Hope for the holidays: Low-dose CT scans for lung cancer

by Dr. Donald Norwood ([email protected]) 477 views 

Thanksgiving came and went before we entered full-blown holiday mode.

Despite the hustle and bustle of the season, many of us are looking forward to gathering with family and friends, ideally over a spread of delicious food. But for some Arkansans, this time of year—and the empty seats at our tables—can be a painful reminder of the loved ones we’ve lost. Far too often, it’s to lung cancer, the leading cause of cancer death in our state.

But there’s a reason for hope this holiday season: low-dose CT scans.

The American Lung Association recently released its fifth annual “State of Lung Cancer” report. In 2022, Arkansas experienced a slight decrease in new lung cancer cases at more than 75 per 100,000 people, compared to the national average of 57 per 100,000 people. We also remained high on the list at No. 40 for our five-year survival rate of 21% versus the national rate of 25%.

Fortunately, the Lung Association’s report showed that Arkansas made steady progress in detecting lung cancer. We’ve improved our early diagnosis rate by 12% over the last five years, bringing us in line with the national rate of 25%. But we can raise it even more by encouraging eligible Arkansans to receive lung cancer screenings.

Peer-reviewed research consistently shows low-dose CT scans can help detect lung cancer at its early stages when it’s more likely to be cured. The Lung Association states, “if lung cancer is caught before it spreads, the likelihood of surviving five years or more improves to 60%.” A National Institutes of Health study further demonstrates the lifesaving impact, reporting that these scans could reduce lung cancer deaths by 20%.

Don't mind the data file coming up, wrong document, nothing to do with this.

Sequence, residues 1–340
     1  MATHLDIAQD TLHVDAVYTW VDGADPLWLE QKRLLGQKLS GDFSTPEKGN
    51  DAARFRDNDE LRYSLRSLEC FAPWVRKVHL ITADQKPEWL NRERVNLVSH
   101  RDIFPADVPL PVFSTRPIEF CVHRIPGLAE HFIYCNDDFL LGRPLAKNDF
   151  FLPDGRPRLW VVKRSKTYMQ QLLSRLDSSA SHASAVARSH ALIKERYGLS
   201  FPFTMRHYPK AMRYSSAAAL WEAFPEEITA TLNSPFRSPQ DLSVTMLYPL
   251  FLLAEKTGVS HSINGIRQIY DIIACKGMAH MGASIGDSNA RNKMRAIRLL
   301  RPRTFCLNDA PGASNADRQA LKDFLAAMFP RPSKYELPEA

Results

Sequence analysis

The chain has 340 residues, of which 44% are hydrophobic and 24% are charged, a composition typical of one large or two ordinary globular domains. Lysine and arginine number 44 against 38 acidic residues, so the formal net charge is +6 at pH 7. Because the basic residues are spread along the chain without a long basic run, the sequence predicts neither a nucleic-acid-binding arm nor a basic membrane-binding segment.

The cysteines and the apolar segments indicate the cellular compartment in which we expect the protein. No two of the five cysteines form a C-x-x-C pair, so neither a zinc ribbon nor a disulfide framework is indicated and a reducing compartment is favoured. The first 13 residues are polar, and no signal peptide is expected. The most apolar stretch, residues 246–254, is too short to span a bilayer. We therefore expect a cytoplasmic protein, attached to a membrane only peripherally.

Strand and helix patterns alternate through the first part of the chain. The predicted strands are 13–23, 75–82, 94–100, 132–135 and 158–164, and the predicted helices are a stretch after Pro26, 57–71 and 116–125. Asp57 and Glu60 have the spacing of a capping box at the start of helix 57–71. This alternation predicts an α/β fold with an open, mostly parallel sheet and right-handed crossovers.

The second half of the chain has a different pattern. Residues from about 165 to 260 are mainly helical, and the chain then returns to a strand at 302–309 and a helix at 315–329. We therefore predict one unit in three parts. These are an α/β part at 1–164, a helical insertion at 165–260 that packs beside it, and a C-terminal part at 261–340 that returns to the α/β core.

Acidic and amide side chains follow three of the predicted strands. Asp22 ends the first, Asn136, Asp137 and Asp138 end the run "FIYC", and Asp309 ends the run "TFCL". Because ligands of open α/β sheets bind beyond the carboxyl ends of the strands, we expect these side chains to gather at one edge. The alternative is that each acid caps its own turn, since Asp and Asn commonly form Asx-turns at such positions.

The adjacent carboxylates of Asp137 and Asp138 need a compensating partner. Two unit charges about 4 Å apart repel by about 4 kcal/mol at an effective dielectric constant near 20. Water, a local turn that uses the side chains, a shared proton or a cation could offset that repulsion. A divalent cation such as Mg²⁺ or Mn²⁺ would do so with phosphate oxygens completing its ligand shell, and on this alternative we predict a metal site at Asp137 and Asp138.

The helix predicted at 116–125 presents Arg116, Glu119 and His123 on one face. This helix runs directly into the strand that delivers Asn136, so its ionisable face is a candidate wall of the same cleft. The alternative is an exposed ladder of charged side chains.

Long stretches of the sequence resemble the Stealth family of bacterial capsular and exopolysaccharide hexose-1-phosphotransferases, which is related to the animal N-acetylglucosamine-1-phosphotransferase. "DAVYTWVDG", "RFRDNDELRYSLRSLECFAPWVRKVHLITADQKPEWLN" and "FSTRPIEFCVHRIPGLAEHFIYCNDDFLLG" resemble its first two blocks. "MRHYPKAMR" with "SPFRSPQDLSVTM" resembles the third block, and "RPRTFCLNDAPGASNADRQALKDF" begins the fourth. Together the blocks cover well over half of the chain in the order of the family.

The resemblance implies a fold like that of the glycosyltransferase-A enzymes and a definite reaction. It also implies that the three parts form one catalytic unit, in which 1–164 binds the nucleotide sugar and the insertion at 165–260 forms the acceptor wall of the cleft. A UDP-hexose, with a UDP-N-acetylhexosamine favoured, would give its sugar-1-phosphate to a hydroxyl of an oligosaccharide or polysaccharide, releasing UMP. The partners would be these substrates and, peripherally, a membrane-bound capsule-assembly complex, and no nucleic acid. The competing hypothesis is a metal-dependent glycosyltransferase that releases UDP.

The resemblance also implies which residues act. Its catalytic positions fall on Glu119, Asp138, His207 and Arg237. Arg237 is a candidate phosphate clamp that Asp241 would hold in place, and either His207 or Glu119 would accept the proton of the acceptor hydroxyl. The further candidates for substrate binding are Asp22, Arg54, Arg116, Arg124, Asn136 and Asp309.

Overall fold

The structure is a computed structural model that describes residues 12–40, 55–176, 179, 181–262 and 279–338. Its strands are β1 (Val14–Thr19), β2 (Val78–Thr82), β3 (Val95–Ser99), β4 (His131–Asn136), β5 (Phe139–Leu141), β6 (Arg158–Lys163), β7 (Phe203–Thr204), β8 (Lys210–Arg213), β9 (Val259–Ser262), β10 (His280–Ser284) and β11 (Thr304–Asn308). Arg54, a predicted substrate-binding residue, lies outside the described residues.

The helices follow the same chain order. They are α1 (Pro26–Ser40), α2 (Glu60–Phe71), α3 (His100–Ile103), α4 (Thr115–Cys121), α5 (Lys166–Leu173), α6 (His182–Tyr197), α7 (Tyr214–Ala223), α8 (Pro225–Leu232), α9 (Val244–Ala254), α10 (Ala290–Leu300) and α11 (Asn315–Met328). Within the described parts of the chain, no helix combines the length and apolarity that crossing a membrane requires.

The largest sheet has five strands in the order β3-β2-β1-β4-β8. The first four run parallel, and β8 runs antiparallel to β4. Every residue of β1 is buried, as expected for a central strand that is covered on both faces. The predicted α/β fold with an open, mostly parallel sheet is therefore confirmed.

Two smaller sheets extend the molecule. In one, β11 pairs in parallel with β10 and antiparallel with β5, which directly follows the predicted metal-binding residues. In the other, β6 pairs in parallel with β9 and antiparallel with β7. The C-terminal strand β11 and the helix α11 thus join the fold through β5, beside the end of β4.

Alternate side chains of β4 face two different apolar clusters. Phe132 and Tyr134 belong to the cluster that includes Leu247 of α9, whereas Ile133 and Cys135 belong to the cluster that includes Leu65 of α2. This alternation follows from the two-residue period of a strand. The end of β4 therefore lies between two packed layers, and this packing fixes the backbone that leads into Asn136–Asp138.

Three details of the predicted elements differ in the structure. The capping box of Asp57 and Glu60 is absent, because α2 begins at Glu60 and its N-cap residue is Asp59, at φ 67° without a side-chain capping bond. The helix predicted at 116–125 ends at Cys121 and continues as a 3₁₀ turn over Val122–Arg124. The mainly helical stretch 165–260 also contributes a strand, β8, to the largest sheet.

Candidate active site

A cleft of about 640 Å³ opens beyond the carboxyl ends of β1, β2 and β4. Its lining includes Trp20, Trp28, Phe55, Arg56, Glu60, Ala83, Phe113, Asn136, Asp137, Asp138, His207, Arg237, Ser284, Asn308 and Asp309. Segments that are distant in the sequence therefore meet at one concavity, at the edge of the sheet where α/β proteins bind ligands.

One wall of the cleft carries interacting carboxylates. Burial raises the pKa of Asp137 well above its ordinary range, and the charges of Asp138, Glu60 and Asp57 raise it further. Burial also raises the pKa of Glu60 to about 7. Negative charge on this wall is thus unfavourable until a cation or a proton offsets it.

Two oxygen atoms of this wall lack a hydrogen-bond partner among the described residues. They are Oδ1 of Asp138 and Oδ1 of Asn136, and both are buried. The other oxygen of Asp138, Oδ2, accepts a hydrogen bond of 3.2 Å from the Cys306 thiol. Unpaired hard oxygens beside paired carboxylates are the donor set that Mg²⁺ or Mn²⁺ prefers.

So, who should consider getting a low-dose CT scan? According to current criteria, these scans are recommended for those at the greatest risk of developing lung cancer but who haven’t yet shown signs or symptoms of the disease. This includes current or former smokers 50 to 77 years old and individuals with a smoking history of at least 20 pack years who are generally in good health with no history of lung cancer. Patients should talk to their doctors about their risks and need for screening.

December is packed with celebrations, from tree-lighting ceremonies to potluck dinners. One item we shouldn’t forget on our holiday to-do lists: giving our loved ones the gift of hope. Before the year ends, take a moment to educate your family, friends and neighbors about how low-dose CT scans can help in the early detection and treatment of lung cancer.

Editor’s note: Dr. Donald B. Norwood, diagnostic radiologist, is the medical director of imaging services for CARTI, a not-for-profit, multidisciplinary cancer care provider with 18 locations across Arkansas. The opinions expressed are those of the author.